Our take-away? Communities of believing people, their remembered stories about Jesus, and their faith understanding of what it all meant, produced the Gospels they “handed on” to us. Every age adds its own faith understanding to what it hands on to the next. So we also will “remember” differently than those first Christians, and ages that followed. We will hand on our faith understanding of the historical the event of Jesus that inspires, instructs, and challenges us today in our following in the way of Jesus. Saints, not perfect people, handed on their unique interpretation of how to live as disciples. Their lives were flesh and blood reminders of something in the Gospels that spoke to their times and that we also should remember, and hopefully imitate. Choosing a saint name, an act of remembering- to-imitate, means a lot to youth in dioceses like San Bernardino where Confirmation is celebrated when youth are more mature.

Dear to our hearts is our November U.S. Thanksgiving holiday. Thanksgiving Day is a “memorial.” Memorials remind and make present, in our minds and our hearts, events of the past that actively influence us now, in present time. Our remembering through “memorials” is different from the way we remember other historical events. We remember “actively.” We are emotionally involved with the memory. We remember our country’s history on Thanksgiving Day, and what being US people means for us. In our Eucharistic celebration, also a memorial, we actively remember the life, death and resurrection of Jesus. In liturgical language, we “participate” in that life, death and resurrection as though we were there, but in an unbloody manner. The memories preserved for us in scripture helps us do that, as also does the very structure of the Mass, handed on to us from the early centuries,. Note that sacrifice is an essential element of both civic and religious memorials. Sacrificing is both a remembered component in the past event but also something to be embraced by us now. What is remembered in memorials is something worth dying for. These past events that memorials celebrate are foundational events of our identity--as committed US people, as committed Christians. Memorials tell us who we are and how we must be.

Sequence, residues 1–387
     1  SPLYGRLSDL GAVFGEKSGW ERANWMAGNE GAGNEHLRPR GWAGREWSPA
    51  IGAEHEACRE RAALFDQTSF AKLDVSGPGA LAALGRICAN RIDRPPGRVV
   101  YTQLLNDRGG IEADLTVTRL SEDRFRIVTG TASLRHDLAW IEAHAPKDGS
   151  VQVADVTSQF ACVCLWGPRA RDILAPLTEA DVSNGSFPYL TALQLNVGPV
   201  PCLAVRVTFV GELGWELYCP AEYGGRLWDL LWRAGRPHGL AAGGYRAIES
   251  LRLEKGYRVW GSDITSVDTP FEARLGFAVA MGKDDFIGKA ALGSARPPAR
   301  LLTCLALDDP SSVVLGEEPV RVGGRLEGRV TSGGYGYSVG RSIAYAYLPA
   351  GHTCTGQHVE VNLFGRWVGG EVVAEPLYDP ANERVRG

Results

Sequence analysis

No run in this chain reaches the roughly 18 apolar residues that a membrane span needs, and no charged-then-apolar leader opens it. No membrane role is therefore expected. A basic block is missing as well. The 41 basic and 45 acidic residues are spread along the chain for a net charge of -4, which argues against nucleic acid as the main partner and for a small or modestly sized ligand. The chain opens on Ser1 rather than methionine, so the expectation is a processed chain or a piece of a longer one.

Memorials also cause us to look to the future. Reflection on our US history quickly reveals its mistakes and flaws; so while we give thanks for our country, we also long to become “that more perfect union,” that “city on the hill.” The celebration of Christ the King on the last Sunday of November memorializes the kingdom of God that Jesus proclaimed but which is still not established. Perhaps in ages past, Christians focused more on the second coming of Christ and His heavenly kingdom. Today in the post Vatican II Church, conscious of our global culture and its complex international issues, our attention is on helping the Lord transform our human and global culture here and now.

All of us forget; we lose memories, become vague about them, lose details—even with all the media helps we have. And we distort memories through our own personal interpretive “take” on things. Attending Mass regularly helps us keep an authentic memory of Jesus of Nazareth. It keeps us remembering the deep and whole story of the Jesus who insisted on forgiveness, on compassion for the poor, and on carrying the cross—things we might easily forget!

So in this November month of memory, we give thanks for the saints we celebrate, the scriptures we treasure, our memorial Sunday celebrations of Eucharist—and for Halloween and Thanksgiving Day!

Sister Mary Garascia, PhD (Theology) is a member of the Sisters of the Precious Blood of Dayton, Ohio, where she now resides. Until recently she lived and ministered at The Holy Name of Jesus in Redlands. You can follow her weekly Sunday scripture blogs at